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One of Vincent Price’s late, excessive Grand Guignol vehicles, Theater of Blood is most definitely a “’70s movie,” not just because of the fashions and arty texture, but more importantly because of the dark, cynical and very violent view of human nature that would never pass the censor today. The very situation would be suspect. Price plays Edward Lionheart, a Shakespearean actor who is killing a group of critics who panned his performances. The animosity towards critics would be merely exploitative except for the diabolical twist that all of the murders are re-stagings of scenes from Shakespeare.

As one character makes clear, it’s not so absurd to think of a victim of smug, sniping critics seeking some kind of vengeance. Certainly the ones who Lionheart is killing off are unlikable and presumably untalented. Their only qualification is a willingness to be gratuitously cruel. The film’s depiction of critics as epicene parasites is an unfair caricature, but more than a touch clever (and, frankly, no more unfair than many critics). For Lionheart’s victims are so unappealing and his imagination so obviously greater than theirs’ that it’s difficult not to sympathize with his hatred and wish him success.

This is a movie that effectively endorses violence against public figures, which is one reason why it is difficult to imagine it being produced today. There is also the problem of the violence itself, and not only because it is depicted in graphic detail. All involved are reveling in the violence as Lionheart gives the critics a taste of their own medicine. The sadism is not treated as pathology. Quite the opposite, it is played as a grim, but very bloody joke.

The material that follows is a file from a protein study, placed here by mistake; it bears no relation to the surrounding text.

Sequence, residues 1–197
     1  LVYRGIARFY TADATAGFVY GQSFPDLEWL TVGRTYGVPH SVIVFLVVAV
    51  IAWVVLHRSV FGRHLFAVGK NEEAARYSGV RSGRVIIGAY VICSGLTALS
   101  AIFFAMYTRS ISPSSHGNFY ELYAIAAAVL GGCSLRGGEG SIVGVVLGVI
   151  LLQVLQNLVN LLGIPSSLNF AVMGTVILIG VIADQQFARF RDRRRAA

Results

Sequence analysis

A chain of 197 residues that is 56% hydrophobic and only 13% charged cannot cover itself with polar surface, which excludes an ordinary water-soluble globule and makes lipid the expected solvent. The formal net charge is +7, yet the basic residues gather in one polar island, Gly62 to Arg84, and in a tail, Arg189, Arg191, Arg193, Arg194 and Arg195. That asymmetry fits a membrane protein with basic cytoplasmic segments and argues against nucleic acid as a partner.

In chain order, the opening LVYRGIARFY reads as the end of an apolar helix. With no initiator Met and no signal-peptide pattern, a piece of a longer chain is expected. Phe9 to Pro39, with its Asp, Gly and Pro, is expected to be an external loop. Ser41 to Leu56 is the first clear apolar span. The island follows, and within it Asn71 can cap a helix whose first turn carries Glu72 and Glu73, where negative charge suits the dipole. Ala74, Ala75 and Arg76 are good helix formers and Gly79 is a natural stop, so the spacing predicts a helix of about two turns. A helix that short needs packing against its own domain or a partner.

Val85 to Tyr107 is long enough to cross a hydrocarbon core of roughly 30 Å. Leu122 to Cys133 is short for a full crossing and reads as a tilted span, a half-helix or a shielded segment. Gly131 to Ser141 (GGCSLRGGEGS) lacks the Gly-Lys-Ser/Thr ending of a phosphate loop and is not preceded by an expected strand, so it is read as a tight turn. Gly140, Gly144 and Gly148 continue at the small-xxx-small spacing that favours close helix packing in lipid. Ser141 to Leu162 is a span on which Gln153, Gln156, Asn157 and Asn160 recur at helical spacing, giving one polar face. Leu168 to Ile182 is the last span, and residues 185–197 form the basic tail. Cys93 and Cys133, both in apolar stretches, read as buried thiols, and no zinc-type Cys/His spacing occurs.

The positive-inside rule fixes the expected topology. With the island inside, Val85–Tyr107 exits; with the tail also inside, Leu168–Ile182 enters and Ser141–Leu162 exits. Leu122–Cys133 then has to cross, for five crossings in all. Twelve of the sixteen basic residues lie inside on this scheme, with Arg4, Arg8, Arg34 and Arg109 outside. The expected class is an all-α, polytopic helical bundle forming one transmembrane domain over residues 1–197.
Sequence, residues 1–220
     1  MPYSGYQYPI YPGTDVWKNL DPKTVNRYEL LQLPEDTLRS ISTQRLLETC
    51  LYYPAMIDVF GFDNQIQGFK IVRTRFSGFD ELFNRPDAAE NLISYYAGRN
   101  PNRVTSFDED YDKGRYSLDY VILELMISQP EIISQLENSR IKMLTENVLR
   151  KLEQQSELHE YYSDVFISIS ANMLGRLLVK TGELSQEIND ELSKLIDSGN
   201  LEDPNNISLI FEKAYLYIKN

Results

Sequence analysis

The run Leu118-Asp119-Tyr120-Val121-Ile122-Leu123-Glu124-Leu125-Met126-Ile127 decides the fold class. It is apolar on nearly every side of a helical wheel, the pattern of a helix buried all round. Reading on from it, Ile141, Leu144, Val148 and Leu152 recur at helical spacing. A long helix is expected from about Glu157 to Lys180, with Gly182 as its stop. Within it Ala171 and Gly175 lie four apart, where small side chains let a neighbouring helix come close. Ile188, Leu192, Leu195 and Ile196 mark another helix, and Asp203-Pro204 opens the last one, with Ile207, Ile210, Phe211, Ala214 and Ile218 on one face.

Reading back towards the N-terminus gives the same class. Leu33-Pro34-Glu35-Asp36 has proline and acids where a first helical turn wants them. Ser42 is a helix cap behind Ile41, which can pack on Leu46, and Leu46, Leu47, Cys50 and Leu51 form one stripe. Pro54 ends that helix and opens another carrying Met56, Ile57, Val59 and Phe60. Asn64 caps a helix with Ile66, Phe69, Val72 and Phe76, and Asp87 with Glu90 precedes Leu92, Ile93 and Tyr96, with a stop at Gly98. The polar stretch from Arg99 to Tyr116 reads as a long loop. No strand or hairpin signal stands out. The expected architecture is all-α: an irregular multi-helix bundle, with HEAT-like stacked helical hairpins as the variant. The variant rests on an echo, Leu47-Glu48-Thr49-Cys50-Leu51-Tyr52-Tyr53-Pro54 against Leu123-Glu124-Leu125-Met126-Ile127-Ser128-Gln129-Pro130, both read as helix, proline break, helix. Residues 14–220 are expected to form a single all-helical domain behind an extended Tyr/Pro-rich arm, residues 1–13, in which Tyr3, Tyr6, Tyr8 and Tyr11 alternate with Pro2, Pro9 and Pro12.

This being a ’70s film, there is a predictable combination of realistic settings and ornate camerawork that draws attention to itself at every opportunity. The first murder, for example, takes place in an abandoned building, where we get to wallow in the broken glass, puddles and general detritus that includes a troupe of psychotic vagrants who serve as Lionheart’s accomplices. The victim (Michael Hordern) isn’t just murdered. He’s hacked to bits in gory detail, his blood smeared and splashed across the ruins. The camera zooms, pans, racks focus and is positioned in the unlikeliest of places, all presumably to be demonstrably “Cinematic.” Each murder is treated as a similarly juicy turn-on, a campy delicacy for jaded palates.

The conceit of linking this mayhem to Shakespeare makes an interesting point, however. The gore has a long pedigree. Lionheart is merely re-staging violent events Shakespeare created. It is therefore difficult to criticize Theater of Blood’s violence without simultaneously questioning Shakespeare’s use of it. To praise the latter as somehow edifying and morally superior while condemning the former as base, bad and torturous is sheer hypocrisy. To enjoy one is to sanction the other. Intentionally or otherwise, in other words, the film implicitly demonstrates “the fault is not in our stars, but in ourselves.”